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April 14, 2018

Trump’s strategic game


April 14, 2018

Donald Trump may have a chip on his shoulder. But his decision to unleash a trade war with China is a strategic move made with a two-fold objective: to keep Beijing’s global economic and political ambitions in check and win over domestic constituencies that deem themselves to be on the losing side in free trade.

While running for the presidential office, Trump had made no bones about his distrust of America’s ‘open-door’ policy, which manifested itself in a fairly generous immigration regime and a commitment to trade liberalisation. His logic has been simple and appealing to the layman. The US imports far more from the world than it exports. This is because America has a more liberal trade regime and tends to plays by the rules more conscientiously than its trading partners do. In case the adverse trade balance is allowed to persist and pile up, Americans will continue losing jobs to other nations. By being a cheaper source of labour, immigrants tend to depress wages and, thereby, add to the plight of the native workers.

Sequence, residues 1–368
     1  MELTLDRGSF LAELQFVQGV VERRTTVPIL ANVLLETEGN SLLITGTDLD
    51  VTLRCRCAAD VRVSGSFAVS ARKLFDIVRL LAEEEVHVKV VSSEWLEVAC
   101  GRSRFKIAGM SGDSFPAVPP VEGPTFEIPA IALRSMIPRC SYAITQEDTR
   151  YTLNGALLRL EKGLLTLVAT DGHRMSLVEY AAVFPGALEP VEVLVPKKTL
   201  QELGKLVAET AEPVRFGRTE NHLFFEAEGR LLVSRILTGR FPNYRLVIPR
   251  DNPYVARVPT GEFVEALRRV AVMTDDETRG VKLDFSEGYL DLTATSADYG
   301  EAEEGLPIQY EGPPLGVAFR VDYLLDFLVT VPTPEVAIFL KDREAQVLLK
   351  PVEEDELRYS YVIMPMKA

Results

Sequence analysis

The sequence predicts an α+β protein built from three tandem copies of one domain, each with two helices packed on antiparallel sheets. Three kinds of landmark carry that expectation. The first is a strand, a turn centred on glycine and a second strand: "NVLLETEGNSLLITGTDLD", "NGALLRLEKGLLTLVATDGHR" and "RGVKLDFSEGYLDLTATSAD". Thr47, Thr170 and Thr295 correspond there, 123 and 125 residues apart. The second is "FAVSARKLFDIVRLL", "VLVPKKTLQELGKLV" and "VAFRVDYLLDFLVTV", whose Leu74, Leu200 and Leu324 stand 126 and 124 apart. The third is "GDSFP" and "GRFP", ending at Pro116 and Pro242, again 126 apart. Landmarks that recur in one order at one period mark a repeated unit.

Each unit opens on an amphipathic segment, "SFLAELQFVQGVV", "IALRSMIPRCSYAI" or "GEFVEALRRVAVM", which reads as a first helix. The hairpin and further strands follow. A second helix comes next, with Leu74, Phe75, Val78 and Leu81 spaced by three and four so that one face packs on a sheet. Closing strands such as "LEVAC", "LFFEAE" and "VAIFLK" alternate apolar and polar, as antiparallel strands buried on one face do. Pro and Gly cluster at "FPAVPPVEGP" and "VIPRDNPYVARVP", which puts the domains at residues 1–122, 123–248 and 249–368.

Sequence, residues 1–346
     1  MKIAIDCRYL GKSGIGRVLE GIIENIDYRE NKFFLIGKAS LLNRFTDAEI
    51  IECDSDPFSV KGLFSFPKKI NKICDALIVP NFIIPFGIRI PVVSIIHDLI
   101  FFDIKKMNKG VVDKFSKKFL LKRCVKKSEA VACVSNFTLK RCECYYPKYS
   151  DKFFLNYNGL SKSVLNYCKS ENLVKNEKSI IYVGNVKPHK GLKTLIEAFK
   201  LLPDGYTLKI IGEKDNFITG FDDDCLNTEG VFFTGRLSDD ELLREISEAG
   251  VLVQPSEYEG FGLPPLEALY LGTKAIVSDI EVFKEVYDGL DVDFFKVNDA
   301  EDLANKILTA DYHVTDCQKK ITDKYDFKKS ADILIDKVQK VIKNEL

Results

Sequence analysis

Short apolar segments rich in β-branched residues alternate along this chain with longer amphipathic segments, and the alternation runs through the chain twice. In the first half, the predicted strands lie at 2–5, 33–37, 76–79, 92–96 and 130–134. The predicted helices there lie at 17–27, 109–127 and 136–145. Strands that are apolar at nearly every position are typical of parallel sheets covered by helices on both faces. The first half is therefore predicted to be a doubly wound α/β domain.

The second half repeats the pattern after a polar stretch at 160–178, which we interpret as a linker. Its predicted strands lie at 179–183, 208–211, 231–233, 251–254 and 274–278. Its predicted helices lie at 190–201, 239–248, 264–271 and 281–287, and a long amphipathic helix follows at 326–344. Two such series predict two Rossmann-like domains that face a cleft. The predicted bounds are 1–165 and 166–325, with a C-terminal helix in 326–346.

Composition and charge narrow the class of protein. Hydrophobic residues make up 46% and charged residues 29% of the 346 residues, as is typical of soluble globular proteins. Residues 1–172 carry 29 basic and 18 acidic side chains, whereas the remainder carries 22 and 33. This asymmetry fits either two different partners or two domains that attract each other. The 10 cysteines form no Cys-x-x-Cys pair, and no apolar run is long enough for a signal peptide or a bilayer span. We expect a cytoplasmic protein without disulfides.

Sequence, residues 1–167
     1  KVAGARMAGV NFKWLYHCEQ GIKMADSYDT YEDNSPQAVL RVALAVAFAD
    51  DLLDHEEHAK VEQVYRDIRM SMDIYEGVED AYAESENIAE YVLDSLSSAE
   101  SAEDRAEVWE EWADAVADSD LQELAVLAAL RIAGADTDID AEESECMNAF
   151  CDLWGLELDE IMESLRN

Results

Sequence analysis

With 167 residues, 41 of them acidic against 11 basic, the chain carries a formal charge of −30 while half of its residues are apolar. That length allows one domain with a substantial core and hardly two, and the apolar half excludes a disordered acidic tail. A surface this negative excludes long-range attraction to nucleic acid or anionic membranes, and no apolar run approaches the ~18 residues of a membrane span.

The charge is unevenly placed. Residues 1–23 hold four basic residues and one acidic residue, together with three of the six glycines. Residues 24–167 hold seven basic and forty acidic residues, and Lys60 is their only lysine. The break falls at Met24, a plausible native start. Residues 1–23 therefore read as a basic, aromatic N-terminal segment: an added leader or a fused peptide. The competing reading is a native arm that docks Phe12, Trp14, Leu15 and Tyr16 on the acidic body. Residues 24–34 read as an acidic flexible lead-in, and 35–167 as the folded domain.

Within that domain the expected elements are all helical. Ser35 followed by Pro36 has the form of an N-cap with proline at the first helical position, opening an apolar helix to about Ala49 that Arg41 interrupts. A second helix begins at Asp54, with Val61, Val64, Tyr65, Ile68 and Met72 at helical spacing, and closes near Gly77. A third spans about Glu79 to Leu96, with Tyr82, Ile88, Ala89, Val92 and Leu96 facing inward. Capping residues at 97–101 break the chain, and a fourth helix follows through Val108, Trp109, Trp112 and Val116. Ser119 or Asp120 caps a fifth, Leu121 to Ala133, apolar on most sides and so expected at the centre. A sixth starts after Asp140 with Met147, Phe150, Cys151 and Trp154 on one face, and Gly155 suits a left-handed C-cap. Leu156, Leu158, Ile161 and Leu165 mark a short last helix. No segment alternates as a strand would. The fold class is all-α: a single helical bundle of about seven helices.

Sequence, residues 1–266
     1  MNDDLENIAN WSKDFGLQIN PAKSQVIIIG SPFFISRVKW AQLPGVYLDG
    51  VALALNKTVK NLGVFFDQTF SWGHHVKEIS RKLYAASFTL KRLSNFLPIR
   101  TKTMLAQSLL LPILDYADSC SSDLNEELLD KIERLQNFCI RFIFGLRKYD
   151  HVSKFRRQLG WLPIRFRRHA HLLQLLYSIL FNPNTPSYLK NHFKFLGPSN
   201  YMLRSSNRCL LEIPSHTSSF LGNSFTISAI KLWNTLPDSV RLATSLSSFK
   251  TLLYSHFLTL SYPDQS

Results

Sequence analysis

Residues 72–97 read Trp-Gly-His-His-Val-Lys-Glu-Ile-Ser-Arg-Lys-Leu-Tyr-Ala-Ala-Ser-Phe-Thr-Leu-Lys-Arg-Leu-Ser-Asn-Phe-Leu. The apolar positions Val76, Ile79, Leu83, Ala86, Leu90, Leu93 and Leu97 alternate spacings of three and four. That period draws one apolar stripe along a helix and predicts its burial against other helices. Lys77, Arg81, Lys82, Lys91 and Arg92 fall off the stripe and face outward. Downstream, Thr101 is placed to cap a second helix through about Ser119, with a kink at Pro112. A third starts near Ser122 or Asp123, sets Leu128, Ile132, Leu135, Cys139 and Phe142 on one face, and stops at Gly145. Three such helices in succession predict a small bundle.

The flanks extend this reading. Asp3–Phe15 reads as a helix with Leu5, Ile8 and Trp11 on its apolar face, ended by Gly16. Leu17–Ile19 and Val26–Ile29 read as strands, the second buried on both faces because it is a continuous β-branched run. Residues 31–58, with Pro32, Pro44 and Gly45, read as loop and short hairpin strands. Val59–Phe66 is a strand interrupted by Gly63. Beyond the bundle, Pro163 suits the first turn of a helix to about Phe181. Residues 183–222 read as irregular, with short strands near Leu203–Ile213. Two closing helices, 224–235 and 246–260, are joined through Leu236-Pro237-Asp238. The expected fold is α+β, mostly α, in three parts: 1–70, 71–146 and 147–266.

Trump’s logic is not altogether faulty. A country’s high trade deficit results in the loss of jobs to foreigners as well as the accumulation of public debt. Between 2008 and 2017, the US has run a cumulative trade deficit of $7.68 trillion, of which $3.31 trillion has been contributed by China. The public debt-to-GDP ratio has gone up from 67.7 percent in 2008 to 104.5 percent in 2017. Close to half of the total debt consists of external borrowing. As reported by the US Bureau of Labor Statistics, the country’s manufacturing sector lost six million jobs between 1999 and 2011. Although trade is not the only factor that has hobbled employment generation – automation being another powerful factor – it is convenient to blame the major trading partners.